Second round of maritime-border talks between Israel, Lebanon

Israel and Lebanon conducted a second round of mediated talks with the goal demarcating the maritime border between the two countries.

al-monitor An Israeli navy corvette is pictured from the southern Lebanese border town of Naqoura as it patrols the waters on Oct. 28, 2020, during talks between Lebanese and Israeli delegations on the demarcation of the maritime frontier between the two countries.  Photo by MAHMOUD ZAYYAT/AFP via Getty Images.

Oct 28, 2020

Israel and Lebanon began Oct. 28 a second round of talks for demarcating their maritime border. The negotiations are being mediated by the US ambassador to Algeria, John Desrocher, under the auspices of the United Nations.

Much like the first round of talks Oct. 14, the parties convened at the UN Interim Force in Lebanon headquarters in the town of Naqoura in southern Lebanon. The talks are expected to continue Oct. 29. After the Oct. 28 talks concluded, the Israeli delegation updated Energy Minister Yuval Steinitz on what was discussed and he gave the go-ahead for the talks to continue. The ministry gave no other details about the talks.

The maritime border dispute is several years old, revolving around Israeli and Lebanese plans to exploit natural gas underwater reserves off their shores. Steinitz said Oct. 27, “The purpose of the delegation in the meetings is to examine the possibility of reaching an agreement on the determination of the maritime border between the countries in a way that will enable the development of natural resources in the region.’’

One Lebanese condition for the talks was for both delegations to be composed of senior officials and not political figures. Thus, Beirut is able to present these mediated contacts with Israel as merely technical. The director-general of the Israeli Energy Ministry, Udi Adiri, the Israeli Foreign Ministry's deputy director-general for the UN and international organizations, Alon Bar, and other officials from the two ministries and from the office of the prime minister represented Israel in both rounds. Haim Srebro, an expert on international boundaries, was also asked to join the Israeli delegation for the Oct. 28 talks.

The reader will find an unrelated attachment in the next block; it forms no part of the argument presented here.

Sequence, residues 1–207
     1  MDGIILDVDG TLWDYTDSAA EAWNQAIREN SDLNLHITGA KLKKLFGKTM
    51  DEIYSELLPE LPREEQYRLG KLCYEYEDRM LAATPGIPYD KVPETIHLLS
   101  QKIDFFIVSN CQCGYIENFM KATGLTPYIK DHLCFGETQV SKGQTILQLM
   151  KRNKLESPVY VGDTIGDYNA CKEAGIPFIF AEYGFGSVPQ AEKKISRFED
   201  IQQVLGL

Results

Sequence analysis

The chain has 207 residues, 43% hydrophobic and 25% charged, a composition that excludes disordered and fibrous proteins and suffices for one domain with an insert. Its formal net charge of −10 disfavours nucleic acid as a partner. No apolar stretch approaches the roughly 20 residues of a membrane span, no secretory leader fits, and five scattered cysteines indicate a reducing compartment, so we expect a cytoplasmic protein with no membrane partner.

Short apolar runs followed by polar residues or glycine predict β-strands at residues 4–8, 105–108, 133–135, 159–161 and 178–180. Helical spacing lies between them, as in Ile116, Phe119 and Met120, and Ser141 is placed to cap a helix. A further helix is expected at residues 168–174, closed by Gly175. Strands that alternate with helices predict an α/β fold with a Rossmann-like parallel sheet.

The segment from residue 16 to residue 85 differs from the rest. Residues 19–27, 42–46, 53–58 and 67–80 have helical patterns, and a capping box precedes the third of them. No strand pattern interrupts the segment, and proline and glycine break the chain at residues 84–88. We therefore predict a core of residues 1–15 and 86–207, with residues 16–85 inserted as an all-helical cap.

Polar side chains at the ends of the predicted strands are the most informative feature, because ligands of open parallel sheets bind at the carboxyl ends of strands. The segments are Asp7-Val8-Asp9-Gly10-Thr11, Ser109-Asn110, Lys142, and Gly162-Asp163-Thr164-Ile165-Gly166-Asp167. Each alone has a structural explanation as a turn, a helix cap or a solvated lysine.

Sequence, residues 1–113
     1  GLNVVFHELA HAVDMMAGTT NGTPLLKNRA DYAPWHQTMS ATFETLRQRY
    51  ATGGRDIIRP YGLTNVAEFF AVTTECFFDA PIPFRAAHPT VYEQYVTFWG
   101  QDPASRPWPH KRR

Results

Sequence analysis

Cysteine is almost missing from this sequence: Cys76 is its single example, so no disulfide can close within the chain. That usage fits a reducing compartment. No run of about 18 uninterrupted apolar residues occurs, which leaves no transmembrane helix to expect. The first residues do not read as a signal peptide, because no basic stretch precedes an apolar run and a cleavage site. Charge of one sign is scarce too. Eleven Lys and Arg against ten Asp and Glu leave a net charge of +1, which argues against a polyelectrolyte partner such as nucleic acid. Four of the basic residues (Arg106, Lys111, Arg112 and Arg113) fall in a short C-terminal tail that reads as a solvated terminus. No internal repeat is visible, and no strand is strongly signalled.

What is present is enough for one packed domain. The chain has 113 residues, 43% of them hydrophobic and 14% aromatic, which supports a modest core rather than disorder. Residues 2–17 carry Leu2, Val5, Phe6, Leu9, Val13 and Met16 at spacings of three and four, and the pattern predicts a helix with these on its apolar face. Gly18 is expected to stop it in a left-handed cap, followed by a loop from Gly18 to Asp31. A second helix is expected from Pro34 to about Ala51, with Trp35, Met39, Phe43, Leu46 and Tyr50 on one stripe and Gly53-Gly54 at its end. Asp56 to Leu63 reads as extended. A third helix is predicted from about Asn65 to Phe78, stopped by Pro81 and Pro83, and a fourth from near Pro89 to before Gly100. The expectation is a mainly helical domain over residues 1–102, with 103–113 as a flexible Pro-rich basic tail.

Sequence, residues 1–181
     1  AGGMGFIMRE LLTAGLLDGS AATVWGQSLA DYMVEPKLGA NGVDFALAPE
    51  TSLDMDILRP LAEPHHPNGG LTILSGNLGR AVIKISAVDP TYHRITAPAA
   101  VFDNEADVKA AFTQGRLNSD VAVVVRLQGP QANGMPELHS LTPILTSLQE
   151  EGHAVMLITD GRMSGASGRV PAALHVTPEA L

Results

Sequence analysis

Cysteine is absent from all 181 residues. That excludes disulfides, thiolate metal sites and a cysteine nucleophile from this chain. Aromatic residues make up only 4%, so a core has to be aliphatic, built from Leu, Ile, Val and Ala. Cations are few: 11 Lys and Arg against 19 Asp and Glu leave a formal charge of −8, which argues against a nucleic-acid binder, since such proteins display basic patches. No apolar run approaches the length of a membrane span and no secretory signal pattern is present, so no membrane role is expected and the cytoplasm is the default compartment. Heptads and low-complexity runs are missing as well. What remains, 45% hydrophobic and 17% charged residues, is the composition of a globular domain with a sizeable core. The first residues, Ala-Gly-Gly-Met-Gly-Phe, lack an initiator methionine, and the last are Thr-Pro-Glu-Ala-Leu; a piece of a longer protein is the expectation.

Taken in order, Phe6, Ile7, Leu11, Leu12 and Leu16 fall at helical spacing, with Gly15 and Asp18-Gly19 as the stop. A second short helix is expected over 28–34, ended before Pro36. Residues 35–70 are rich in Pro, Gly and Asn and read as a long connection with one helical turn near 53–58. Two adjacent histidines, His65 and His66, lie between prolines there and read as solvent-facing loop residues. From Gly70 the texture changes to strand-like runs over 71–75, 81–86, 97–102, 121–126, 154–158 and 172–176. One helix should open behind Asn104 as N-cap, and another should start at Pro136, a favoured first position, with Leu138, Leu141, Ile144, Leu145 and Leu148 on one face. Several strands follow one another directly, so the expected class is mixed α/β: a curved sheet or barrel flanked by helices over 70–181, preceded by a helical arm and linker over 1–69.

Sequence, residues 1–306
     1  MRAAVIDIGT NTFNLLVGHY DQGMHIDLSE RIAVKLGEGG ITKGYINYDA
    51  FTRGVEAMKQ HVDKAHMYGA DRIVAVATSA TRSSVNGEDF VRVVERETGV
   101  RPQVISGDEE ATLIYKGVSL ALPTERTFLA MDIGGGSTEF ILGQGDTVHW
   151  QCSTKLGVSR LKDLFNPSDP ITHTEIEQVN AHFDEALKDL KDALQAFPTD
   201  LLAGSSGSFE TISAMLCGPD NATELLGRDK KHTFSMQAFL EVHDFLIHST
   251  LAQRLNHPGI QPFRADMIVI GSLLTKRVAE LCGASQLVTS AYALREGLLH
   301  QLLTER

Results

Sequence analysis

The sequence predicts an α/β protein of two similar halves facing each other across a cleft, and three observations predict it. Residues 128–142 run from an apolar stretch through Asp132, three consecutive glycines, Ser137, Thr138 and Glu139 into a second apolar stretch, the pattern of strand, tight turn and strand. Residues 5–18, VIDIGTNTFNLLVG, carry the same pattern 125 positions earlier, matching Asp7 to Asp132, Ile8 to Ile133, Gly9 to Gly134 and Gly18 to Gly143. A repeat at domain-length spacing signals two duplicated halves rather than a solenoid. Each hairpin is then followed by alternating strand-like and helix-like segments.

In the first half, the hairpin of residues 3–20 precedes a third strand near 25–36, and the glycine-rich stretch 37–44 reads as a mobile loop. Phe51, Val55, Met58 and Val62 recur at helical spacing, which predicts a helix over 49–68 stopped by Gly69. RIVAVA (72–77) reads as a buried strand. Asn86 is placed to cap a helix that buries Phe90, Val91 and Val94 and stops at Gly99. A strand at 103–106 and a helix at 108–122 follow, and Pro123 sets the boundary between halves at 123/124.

After the Oct. 14 talks, Israeli Prime Minister Benjamin Netanyahu expressed hope that the negotiations would lead to some sort of a dialogue on a political level and subsequently also to peace. Addressing the Knesset on the occasion of the Israeli parliament's approval of normalization with the United Arab Emirates, Netanyahu called on the Lebanese government "to continue these talks and maybe this will mark the first step toward the achievement of peace.’’

Israel and Lebanon are still technically in a state of war and do not have diplomatic relations.

On Oct. 27, Israeli Defense Minister Benny Gantz said he was “hearing positive voices coming out of Lebanon, who are even talking about peace with Israel,’’ adding that these positive voices ‘’are welcome words.”

Gantz spoke in a general manner, without mentioning names, but analysts think he was referring not only to the talks in Naqoura, but also to an interview given Oct. 26 by Claudine Aoun, daughter of Lebanese President Michel Aoun.

Speaking on the Al Jadeed TV channel, Claudine Aoun said peace with Israel would be conceivable if outstanding issues were resolved. “We have the maritime border dispute, the issue of Palestinian refugees and another topic that is more important, the issue of natural resources: water, oil and natural gas, which Lebanon is depending on to advance its economy. … After these problems are solved, I would not mind if the Lebanese state makes peace with Israel, after the demarcation and the guarantee of resources,” she said. Asked if she would object to peace with Israel, she responded, “Why would I object? Are we supposed to stay in a state of war? ... I don’t have doctrinal differences with anyone. … I have political differences.”

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